A friend of mine mentioned Michael Lewis' article in Portfolio.com entitled "The End" the other day during an iChat, and I finished reading it last night. This is a fascinating behind-the-scenes look at the world of investment banking, drawing upon the author's account of his own experiences from the late 1980s in the business as presented in "Liar's Poker" and then updating with it with profiles of some of the players who developed a good understanding of what was really going on with the complex and opaque subprime investments on Wall Street.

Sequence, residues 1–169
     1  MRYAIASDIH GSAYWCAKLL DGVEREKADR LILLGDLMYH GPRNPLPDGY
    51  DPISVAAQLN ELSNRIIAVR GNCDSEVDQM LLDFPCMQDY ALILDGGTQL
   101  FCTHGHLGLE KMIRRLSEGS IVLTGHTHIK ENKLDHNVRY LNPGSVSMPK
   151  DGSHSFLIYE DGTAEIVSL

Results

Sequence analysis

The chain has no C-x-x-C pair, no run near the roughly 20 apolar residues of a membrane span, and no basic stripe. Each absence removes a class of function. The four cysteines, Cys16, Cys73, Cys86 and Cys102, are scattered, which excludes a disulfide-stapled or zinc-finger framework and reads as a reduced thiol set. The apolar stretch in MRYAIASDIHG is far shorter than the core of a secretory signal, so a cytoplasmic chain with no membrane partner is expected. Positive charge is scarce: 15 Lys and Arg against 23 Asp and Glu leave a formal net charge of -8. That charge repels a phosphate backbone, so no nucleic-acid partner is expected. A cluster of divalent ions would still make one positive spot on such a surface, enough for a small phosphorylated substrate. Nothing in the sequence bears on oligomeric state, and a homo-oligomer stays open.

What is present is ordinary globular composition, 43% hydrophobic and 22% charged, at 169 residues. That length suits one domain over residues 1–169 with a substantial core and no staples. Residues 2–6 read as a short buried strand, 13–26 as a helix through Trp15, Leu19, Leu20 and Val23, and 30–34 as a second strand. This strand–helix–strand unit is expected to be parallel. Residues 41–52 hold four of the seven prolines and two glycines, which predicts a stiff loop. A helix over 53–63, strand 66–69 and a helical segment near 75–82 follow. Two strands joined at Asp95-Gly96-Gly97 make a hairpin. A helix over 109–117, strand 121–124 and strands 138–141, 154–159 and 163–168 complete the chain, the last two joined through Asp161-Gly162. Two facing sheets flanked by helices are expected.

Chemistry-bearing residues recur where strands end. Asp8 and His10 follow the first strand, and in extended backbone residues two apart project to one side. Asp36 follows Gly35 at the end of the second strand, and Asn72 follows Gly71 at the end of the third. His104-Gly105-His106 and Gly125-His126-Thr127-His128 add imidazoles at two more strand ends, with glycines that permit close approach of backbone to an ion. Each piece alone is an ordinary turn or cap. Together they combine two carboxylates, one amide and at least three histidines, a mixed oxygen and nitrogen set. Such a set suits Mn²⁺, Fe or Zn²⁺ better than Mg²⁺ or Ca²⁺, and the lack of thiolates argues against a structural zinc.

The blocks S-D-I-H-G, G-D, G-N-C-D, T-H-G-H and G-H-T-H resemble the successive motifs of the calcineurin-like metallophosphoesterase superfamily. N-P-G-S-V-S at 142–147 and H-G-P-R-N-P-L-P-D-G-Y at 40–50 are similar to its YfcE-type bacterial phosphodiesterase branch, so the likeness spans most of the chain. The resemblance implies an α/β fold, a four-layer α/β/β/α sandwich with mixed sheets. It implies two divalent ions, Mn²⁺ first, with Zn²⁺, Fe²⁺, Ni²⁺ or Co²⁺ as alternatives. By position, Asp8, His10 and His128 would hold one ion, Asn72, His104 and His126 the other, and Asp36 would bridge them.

But he couldnʼt figure out exactly how the rating agencies justified turning BBB loans into AAA-rated bonds.“I didnʼt understand how they were turning all this garbage into gold,” he says. He brought some of the bondpeople from Goldman Sachs, Lehman Brothers, and UBS over for a visit. “We always asked the samequestion,” says Eisman. “Where are the rating agencies in all of this? And Iʼd always get the same reaction.It was a smirk.” He called Standard & Poorʼs and asked what would happen to default rates if real estateprices fell. The man at S&P couldnʼt say; its model for home prices had no ability to accept a negativenumber. “They were just assuming home prices would keep going up,” Eisman says.